I never had to deal with too much bullying on my own account - two older brothers probably helped, there. But I did make it a point to stick up for others when I saw them being picked on. It's just the way we were brought up. If my mother had heard that someone was catching shit from a bully when I was there and doing nothing to stop it there would have been hell to pay.

That's the advantage of a small town, though. My mother WOULD have heard about it.

Also: no guns in school at the time. I'm not sure I'd encourage kids today to get involved, sadly.

Anonymous said...

I have a son in school here (in Ontario). I know his small school is very pro-active in the "This is bullying". Not sure it works, I think there is a fine line between "joking" and bullying. But they are quick to take action... I guess that's good.

As parents we need to listen to our kids. I know I didn't feel comfortable going to my parents with my issues. I hope I am nurturing a more open relationship with my son.

Anonymous said...

The Teaching Tolerance website (, run iirc by the good folks at Southern Poverty Law Center, has a lot of good resources for dealing with bullies and bullying.

I was planning on a foray there anyway, since my child just started middle school...

Anonymous said...

This clueless first time mom dropped her son off to kindergarten for the first time and saw signs about bully prevention - except on a 5 year old level ("don't make your friend cry" kind of stuff). I was pretty amazed. Not sure if it works (I'm sure we'll learn soon enough) but I am encouraged to see some awareness. Great post.

Borderlandia said...

Just a quick post to say that it is really important to build children’s skills as potential targets and bystanders/witnesses, as well as to address potentially bullying behavior.

Here are some resources to share:

US Department of Health & Human Services (2006):

The Olweus Bullying Prevention Program:

Bullying No Way:

Bullying UK:

From Australia, the Friendly Schools and Families Program

Key researchers in this field include:
Donna Cross, Ken Rigby, Christina Salmivalli, Debra Peplar,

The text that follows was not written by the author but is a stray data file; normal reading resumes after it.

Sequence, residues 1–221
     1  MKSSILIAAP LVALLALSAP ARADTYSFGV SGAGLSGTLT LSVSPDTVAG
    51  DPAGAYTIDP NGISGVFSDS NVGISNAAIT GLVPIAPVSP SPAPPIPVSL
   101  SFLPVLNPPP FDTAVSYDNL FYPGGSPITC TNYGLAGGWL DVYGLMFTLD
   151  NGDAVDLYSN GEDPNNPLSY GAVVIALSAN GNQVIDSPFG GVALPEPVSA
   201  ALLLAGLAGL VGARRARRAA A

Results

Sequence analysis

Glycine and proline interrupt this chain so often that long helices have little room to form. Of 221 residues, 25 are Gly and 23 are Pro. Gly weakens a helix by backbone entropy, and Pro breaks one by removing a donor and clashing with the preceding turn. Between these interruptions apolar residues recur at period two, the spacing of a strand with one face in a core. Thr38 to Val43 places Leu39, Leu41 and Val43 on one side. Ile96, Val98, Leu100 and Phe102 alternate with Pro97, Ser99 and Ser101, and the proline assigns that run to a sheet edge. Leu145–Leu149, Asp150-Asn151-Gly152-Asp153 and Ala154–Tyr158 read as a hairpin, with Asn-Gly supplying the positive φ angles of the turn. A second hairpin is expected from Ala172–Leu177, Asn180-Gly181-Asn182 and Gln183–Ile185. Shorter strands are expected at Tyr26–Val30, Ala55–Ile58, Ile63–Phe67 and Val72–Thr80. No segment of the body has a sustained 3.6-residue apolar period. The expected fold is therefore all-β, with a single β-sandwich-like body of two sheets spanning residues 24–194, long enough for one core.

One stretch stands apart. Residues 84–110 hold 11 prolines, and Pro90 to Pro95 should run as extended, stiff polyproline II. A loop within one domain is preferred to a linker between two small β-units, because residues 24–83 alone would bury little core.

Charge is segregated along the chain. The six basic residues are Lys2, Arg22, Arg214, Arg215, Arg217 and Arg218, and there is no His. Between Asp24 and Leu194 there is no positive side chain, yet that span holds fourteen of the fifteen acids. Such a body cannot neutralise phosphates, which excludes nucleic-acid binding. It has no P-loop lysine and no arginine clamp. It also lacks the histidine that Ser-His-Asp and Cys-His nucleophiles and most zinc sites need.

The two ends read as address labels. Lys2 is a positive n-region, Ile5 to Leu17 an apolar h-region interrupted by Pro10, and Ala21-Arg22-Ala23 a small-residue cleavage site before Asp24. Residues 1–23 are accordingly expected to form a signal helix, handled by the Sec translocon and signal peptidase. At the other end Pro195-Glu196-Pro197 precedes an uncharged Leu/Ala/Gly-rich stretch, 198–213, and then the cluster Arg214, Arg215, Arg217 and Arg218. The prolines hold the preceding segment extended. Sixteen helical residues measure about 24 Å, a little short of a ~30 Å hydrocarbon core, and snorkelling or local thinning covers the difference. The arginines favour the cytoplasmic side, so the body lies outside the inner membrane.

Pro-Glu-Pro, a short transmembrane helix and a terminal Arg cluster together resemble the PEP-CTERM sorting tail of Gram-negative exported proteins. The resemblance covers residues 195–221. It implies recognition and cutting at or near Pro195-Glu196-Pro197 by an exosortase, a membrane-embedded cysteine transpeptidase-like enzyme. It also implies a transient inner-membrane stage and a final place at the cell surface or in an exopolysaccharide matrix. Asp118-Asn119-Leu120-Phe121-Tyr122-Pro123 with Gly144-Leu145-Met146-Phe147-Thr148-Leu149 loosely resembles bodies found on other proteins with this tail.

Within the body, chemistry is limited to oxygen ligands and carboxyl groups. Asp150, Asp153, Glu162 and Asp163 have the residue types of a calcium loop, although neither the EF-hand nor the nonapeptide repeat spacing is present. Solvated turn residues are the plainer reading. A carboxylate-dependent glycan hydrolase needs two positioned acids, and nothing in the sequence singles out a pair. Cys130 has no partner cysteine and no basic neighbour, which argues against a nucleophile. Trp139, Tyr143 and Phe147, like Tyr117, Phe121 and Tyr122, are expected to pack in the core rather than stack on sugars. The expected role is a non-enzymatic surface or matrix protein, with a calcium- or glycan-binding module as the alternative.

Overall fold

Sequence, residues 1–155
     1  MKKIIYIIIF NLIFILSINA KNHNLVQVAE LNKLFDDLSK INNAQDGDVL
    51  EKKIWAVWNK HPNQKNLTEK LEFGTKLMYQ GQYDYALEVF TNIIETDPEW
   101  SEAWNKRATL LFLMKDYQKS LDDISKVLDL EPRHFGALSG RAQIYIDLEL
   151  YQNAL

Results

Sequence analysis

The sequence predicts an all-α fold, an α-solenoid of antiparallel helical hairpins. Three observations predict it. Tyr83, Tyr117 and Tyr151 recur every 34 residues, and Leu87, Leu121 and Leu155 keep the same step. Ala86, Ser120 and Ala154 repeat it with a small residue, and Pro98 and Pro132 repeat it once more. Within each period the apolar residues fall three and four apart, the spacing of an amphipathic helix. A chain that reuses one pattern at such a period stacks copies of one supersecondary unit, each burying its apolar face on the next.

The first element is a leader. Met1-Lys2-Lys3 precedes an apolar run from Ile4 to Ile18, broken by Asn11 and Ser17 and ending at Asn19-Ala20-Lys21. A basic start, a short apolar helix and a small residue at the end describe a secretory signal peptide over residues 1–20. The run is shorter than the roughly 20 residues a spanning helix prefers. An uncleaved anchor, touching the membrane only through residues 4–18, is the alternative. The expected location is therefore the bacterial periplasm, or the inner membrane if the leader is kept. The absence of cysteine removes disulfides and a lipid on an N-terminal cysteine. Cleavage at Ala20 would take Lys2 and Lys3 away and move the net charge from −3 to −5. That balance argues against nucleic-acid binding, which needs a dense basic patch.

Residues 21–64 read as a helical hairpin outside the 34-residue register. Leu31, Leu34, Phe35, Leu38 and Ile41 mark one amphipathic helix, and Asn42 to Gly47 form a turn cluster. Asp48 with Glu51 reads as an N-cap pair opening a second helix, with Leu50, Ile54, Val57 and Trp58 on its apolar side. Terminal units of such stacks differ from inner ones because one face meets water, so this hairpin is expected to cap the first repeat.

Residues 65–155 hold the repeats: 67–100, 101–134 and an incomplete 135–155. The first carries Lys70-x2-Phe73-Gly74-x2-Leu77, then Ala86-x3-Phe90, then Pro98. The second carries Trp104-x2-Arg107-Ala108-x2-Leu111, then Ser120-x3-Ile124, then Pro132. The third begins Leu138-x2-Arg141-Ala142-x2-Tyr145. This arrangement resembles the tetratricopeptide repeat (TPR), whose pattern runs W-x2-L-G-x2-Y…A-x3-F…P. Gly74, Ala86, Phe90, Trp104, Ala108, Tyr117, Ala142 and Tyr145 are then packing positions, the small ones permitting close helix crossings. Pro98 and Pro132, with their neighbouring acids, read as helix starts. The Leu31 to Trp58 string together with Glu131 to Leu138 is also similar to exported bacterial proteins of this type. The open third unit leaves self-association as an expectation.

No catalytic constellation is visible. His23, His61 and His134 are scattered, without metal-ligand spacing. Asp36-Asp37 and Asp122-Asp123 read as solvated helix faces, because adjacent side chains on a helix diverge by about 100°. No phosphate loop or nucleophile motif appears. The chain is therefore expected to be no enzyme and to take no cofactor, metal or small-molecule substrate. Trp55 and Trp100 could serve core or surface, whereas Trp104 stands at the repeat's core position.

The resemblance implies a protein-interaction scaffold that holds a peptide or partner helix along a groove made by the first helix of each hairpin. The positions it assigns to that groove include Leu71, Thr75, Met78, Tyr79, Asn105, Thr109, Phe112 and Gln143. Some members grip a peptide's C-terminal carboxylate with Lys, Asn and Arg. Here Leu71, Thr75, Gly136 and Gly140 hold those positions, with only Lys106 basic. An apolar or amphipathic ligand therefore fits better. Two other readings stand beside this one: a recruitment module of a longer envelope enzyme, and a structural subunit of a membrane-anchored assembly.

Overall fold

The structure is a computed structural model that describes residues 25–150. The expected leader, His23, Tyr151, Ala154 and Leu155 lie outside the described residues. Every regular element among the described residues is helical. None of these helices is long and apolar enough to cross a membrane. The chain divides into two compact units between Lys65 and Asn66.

Dan Olweus, Peter Smith

Anonymous said...

I work in the schools and I work with families with children who don't attend school. About 1/3 of the student stop attending school do so because of bullying.

I work in area which is depressing to say the least. What I find is not that there is bullying per se but that the schools that have internalized the "predatory mentality" that is in the community.

We've had many workshops and programs for bullying for the schools. But there is not much of an impact.

The problems in my schools are so pervasive. Parents try to intimidate teachers and support staff. Parents bully kids who don't get along with there children. Parents even fight students in the school and each other. Principals and administrators use strong arm tactics to get they want out of students and teachers. In turn teachers use mind games and other forms of psychological aggressions to maintain class control and to get through the teaching day.

I find that most students try to find 1) stronger students to befriend for protect. 2) adopt the thug/juvenile delinquent mentality to adapt to the school social environment. and 3) pick on someone less aggressive then themselves to put on the tough act.

Bullying in many schools is not the old fashion "give me your lunch money" fare. I wish it was then my job would be so much easier and schools as a whole would be such a safer environment. It is more this is a war zone and everybody is trying to get through the day. People commit aggressive acts against each other as way of getting through the school day

Anonymous said...

In the city where I live, Buffalo NY we have Principals who bully kids and teachers both, lie about it and get caught but nothing happens to them. They hire disgraced coaches who've been run out of every other job for screwing students then try to promote them.